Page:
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Tajikistan/Uzbekistan: Ripples From Deteriorating Relations Spread Through CIS


By Salimjon Alioubov



Prague, 16 November 1998 (RFE/RL) -- Deteriorating relations between Uzbekistan and Tajikistan are causing alarm not only in the two Central Asian countries, but throughout the Commonwealth of Independent States (CIS).

CIS Executive Secretary Boris Berezovsky said on Saturday that the dispute between the two neighbors is extremely dangerous for the whole CIS, the organization which includes 12 former Soviet states, including Russia.

Speaking in the Kyrgyz capital, Bishkek, Berezovsky said the recriminations between the two countries "complicate the fragile peace in the CIS.2 He said Russia could use its "dominating role" in the region to prevent conflict between Uzbekistan and Tajikistan.

In the dispute, Tajikistan's government is accusing Uzbekistan of military interference in connection with an armed uprising by rebels in northern Tajikistan, which began early this month. Uzbekistan denies these charges, calling allegations about the penetration of rebels into Tajik territory from Uzbekistan "completely groundless."

The rebellion was launched by renegade Tajik army colonel Mahmud Khudoiberdyev, who led an estimated 1,200 troops and seized several towns in the northern Leninabad Oblast. The rebels were defeated by the joint forces of the Tajik government and the Islamist-led Tajik opposition, after six days of heavy battles in which more than 300 people were killed and 600 wounded.

Tajik authorities claimed the rebels had been trained in the Zomin region of Uzbekistan as well as in Afghanistan's Mazar-e-Sharif area and that they had crossed the Uzbek-Tajik border to launch the offensive.

Speaking in parliament on 12 November, Tajik President Emomali Rahmonov made grave accusations against Uzbekistan. He alleged that the Uzbek leadership was behind the rebellion. He said he had evidence that Uzbek President Islam Karimov "fully supports" the organizer of the Tajik mutiny, whom he named as exiled former Prime Minister Abdumalik Abdullojonov. Rahmonov said that by organizing coups and helping rebels, the "Uzbek leadership wants to take the whole of Tajikistan under its control.2

An Uzbek Foreign Ministry statement described Rahmonov's remarks as "emotional and ill-considered.2 The Uzbeks also said they are ready to let Tajik authorities make a search to check that the rebels are not on Uzbek territory.

Even while making his accusations, Rahmonov urged Tajik parliamentarians not to set the Tajik and Uzbek peoples against each other. The president said that politicians should give a balanced assessment of what happened in Leninabad. "Presidents come and go, but peoples have been and remain friends," he said.

Uzbek President Islam Karimov has not commented publicly on Rahmonov's remarks. However, on the eve of the Tajik rebellion he said in a radio interview that the Tajik peace process should include "capable leaders" from the north, "such as Abdullojonov.2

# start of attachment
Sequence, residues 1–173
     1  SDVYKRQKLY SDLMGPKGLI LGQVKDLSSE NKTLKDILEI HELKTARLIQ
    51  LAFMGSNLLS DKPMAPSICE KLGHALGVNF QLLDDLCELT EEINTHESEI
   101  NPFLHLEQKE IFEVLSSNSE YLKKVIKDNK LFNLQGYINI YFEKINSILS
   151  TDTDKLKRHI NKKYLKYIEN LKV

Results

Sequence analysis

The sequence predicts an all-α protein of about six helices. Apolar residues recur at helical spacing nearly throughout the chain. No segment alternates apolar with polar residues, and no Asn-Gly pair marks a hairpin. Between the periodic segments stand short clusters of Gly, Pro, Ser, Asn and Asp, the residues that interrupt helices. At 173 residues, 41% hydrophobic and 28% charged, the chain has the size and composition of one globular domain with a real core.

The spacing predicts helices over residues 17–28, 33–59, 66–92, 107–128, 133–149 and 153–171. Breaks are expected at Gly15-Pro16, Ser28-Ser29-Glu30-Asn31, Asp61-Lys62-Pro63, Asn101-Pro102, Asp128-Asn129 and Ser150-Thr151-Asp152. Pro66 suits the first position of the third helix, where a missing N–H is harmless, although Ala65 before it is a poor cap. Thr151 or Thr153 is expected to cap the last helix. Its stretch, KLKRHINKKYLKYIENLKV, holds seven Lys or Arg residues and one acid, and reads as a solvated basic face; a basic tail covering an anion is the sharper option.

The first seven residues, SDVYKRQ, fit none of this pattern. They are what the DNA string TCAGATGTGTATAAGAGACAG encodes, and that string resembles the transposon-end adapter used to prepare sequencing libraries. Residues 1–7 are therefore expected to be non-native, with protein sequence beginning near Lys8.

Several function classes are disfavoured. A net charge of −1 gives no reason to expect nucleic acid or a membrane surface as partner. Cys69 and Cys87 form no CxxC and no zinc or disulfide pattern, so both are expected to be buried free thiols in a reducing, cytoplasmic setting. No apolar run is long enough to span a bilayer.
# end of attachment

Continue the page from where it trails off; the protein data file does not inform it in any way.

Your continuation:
Abdullojonov, who was prime minister from 1992 until 1994, is one of a number of exiled Tajik political leaders who has been spending time in Uzbekistan. Tajikistan has previously called on fellow CIS countries to detain such exiles and send them back to Tajikistan.

This is the second time that Tajikistan has accused Uzbekistan of interference in its internal affairs. In August, 1997, when the notorious Khudoiberdiev staged another rebellion and led his elite army unit toward the capital Dushanbe, Tajik authorities said Uzbekistan also masterminded that action. Tashkent strongly denied the accusations at the time. Uzbek President Karimov called on Rahmonov to remember whose tanks he rode upon when he arrived in Dushanbe in December, 1992, to take control of Tajikistan. This was a reference to Uzbekistan's support for Rahmonov's government in its fight against the Islamic opposition at that time.

Rahmonov himself has confirmed that his government has often made use of Uzbek military and technical support. During the past civil war, which started in 1992, there were a number of Uzbek military advisors in the Tajik army, as well as Uzbeks in the power ministries. In addition, the first Tajik defense minister was appointed on the recommendation of the Uzbek president and arrived in Dushanbe from Tashkent.

But there appeared to be an unexpected change in Uzbekistan's long-time support of Rahmonov's government in 1995, when Karimov invited Tajik Islamic opposition leaders to Tashkent and met with them several times.

Since then, there have been many ups and downs in Tajik-Uzbek relations, and the resulting tensions have now reached such a level that the CIS is worried about their wider implications.

Whether Uzbekistan is actually helping Khudoiberdyev or other renegades and exiles, there are several other factors in the equation. One is that Tajik politicians, whether in the government or the Islamic opposition, tend to use allegations of Uzbek interference to divert attention from the fact that many Tajik factions and their leaders have been left out of the country's present political process. Another factor is that Russia and Uzbekistan together could be said to foster instability by acting as rivals for influence in the region. Moscow apparently sees its long-held dominance of the area as challenged by Uzbekistan's assertiveness.

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